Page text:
Although there were just a handful of people in Mass attendance, Fr. Filipiak was able to bring together in the late 1970s five men from St. Louis who fell in love with the beauty of the building interior and decided to do something to try to save it.  The needs were urgent and first on the list was a new roof among other projects that included interventions to save the windows. 

The men got organized and in 1978 set up a nonprofit to accept donations.  This way they were able to cover the expenses of saving the shrine.  The nonprofit is still in existence today, known as The Friends of the Shrine of St. Joseph, a registered charity that collects donations from generous patrons. An arrangement was made for the foundation to lease the property from the Archdiocese and to invest directly in it.  The efforts paid off.  Volunteers got involved.  Donations were slow to come in.  The pastor had put so much confidence in these men.  The effort was inspired by St. Joseph.  Then the impossible happened.  

On the night on September 30, 1979, three teenage boys broke into the church and attached rectory looking for altar wine.  They heard a TV and entered the pastor's bedroom.  There they tied him up and beat him to death.  Fr. Filpiak was discovered on the floor the following morning, deceased, with 16 broken ribs.  This tragic event brought the Archdiocese together, galvanizing the community and inspiring people to give to keep the church open.  Ove the years over 5 million dollars have been raised for the complete restoration of the church to its former glory, even restoring the original color schemes, rediscovered under layers of paint.  Much of the work was done by volunteers.      

The shrine is today no longer a parish.  While the building remains the property of the Archdiocese of St. Louis, the operation and maintenance of the church are still under the direction of the nonprofit that has members and is under the direction of a board of professionals.  By God’s grace, the shrine was saved and has been fully restored.  This is a major success story that needs to be told.  As Fulton Sheen once said, “Unless there is a Good Friday in your life, there can be no Easter Sunday.”  The restoration process that began in 1980 amid the outcry over the priest’s murder, spurring donations from all walks of life, continues to this day.  Meanwhile, the neighborhood has been reclaimed with new housing, allowing families to put down permanent roots and re-build community.  In 1980 the city named the park in front of the church in honor of the slayed priest.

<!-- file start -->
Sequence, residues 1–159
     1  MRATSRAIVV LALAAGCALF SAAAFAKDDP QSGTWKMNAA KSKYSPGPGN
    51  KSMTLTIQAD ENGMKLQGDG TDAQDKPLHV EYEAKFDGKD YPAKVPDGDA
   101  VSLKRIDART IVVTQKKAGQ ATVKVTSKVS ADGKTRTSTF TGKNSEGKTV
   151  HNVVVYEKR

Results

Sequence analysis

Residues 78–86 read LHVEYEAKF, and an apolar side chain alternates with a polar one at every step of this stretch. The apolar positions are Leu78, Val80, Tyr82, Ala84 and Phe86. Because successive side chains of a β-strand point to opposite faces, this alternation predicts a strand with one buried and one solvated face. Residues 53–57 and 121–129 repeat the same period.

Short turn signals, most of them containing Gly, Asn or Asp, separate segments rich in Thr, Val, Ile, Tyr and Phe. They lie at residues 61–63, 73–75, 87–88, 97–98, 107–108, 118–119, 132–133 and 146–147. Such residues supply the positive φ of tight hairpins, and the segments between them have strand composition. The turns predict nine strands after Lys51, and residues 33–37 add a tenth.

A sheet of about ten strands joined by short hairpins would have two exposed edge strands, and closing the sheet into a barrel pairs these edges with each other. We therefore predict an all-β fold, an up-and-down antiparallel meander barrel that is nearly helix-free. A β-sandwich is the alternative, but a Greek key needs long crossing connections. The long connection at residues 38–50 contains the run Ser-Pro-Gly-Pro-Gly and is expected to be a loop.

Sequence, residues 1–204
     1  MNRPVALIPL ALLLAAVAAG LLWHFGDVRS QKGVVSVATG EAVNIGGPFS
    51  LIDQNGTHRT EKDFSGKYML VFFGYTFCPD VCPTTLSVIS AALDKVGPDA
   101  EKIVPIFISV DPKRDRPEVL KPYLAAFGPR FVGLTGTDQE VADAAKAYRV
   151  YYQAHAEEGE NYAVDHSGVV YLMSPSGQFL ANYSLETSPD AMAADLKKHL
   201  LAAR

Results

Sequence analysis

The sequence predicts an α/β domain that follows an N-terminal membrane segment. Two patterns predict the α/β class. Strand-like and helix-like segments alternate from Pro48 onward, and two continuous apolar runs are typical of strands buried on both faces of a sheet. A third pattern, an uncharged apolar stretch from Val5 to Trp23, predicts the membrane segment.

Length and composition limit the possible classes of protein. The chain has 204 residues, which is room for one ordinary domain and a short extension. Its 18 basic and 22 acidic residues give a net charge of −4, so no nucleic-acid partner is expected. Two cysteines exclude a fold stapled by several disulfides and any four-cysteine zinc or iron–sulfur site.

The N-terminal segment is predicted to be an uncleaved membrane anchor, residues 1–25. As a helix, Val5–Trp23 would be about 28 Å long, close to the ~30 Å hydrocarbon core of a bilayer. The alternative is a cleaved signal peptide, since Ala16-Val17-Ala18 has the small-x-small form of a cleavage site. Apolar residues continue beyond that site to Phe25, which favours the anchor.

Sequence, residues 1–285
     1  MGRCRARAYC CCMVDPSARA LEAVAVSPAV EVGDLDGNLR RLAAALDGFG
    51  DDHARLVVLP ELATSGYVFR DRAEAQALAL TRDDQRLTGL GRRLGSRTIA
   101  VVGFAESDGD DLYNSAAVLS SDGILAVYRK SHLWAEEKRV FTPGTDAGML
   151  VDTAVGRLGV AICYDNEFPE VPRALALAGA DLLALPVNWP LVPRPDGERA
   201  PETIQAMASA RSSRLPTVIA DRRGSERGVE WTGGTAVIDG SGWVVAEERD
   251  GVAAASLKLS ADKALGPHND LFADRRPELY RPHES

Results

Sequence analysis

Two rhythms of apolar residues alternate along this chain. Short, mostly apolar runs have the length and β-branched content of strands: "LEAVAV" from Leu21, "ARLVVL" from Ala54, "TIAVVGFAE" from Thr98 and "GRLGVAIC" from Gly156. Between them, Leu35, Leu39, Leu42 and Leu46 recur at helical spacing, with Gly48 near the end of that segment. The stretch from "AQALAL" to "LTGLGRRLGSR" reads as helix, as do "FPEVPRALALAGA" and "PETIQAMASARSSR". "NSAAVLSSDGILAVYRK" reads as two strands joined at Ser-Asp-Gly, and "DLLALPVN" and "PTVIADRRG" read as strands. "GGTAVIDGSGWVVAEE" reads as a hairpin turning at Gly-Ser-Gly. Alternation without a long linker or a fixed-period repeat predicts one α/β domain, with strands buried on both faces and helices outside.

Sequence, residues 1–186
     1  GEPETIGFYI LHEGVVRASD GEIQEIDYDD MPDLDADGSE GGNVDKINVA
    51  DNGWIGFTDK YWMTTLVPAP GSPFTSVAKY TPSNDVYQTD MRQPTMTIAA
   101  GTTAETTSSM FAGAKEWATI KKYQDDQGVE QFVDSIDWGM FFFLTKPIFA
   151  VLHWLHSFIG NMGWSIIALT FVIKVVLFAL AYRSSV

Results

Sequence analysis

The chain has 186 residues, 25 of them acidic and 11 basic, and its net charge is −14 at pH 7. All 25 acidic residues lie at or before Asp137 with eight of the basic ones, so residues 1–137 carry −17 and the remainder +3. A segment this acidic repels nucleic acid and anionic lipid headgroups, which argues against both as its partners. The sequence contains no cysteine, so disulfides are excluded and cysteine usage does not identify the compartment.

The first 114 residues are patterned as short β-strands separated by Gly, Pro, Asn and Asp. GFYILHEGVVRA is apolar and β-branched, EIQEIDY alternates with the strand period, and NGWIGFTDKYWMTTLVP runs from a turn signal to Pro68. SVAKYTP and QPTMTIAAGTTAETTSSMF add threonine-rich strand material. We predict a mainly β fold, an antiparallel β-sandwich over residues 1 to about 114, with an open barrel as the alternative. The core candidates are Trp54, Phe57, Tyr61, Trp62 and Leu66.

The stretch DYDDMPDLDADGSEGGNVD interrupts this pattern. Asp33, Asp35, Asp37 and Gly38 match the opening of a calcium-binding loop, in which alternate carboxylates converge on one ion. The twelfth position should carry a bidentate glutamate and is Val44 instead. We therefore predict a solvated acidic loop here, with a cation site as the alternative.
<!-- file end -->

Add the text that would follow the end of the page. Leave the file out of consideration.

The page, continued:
Needless to say, the shrine came very close to closure, but by God’s grace, it is still standing today thanks to the generous donations of a vast number of contributors from everywhere who have met the growing expenditures over the years and donated thousands of volunteer hours. The shrine is hailed as one of the most beautiful churches in St. Louis.  The nearest parish is St. Patrick’s, about five blocks to the east.  Mass is celebrated at the shrine on Sundays and First Fridays and it is available for weddings and funerals.  A video that tells the incredible story of the shrine can be seen here.

As the year 2020 drew to a close, Pope Francis, perhaps sensing that the Church and the world were in special need of a father’s protection in the challenging times of an epidemic, decided to dedicate 2021 in honor of St. Joseph.  That year marked the 150th anniversary of the Church’s declaration of St. Joseph as the Patron of the Universal Church.

St. Joseph is a man of recollection and silence, with an important role in the economy of grace and salvation.  The purpose of devotion to St. Joseph, as with Marian devotion, is to bring the faithful closer to Jesus.  Joseph, like every saint, is a mediator.  Who can see the stars more clearly, the one who looks with the naked eye alone or the one who uses a telescope?  The telescope brings the eye closer to the star.

Finally, it seems fitting to end with a quote from Pope Leo XIII that helps illustrate the importance of St. Joseph as the foster father of Christ.  We can never underestimate the prestige and importance of St. Joseph: “But as Joseph has been united to the Blessed Virgin by the ties of marriage, it may not be doubted that he approached nearer than any to the eminent dignity by which the Mother of God surpasses so nobly all created natures” (cf. Quamquam Pluries, 3).